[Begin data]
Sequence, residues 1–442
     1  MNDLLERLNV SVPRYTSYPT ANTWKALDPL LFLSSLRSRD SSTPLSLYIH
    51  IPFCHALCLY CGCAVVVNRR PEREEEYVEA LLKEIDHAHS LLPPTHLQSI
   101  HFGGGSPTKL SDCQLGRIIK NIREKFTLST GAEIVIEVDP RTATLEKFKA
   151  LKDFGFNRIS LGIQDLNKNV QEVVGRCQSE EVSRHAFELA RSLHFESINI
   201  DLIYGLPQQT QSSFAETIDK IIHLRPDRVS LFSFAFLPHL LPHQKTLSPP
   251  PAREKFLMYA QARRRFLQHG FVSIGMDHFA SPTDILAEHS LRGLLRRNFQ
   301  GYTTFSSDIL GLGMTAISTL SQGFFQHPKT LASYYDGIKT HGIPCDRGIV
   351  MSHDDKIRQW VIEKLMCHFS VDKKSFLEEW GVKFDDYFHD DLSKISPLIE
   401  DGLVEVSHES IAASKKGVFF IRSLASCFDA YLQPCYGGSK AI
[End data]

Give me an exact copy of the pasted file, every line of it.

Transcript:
Sequence, residues 1–442
     1  MNDLLERLNV SVPRYTSYPT ANTWKALDPL LFLSSLRSRD SSTPLSLYIH
    51  IPFCHALCLY CGCAVVVNRR PEREEEYVEA LLKEIDHAHS LLPPTHLQSI
   101  HFGGGSPTKL SDCQLGRIIK NIREKFTLST GAEIVIEVDP RTATLEKFKA
   151  LKDFGFNRIS LGIQDLNKNV QEVVGRCQSE EVSRHAFELA RSLHFESINI
   201  DLIYGLPQQT QSSFAETIDK IIHLRPDRVS LFSFAFLPHL LPHQKTLSPP
   251  PAREKFLMYA QARRRFLQHG FVSIGMDHFA SPTDILAEHS LRGLLRRNFQ
   301  GYTTFSSDIL GLGMTAISTL SQGFFQHPKT LASYYDGIKT HGIPCDRGIV
   351  MSHDDKIRQW VIEKLMCHFS VDKKSFLEEW GVKFDDYFHD DLSKISPLIE
   401  DGLVEVSHES IAASKKGVFF IRSLASCFDA YLQPCYGGSK AI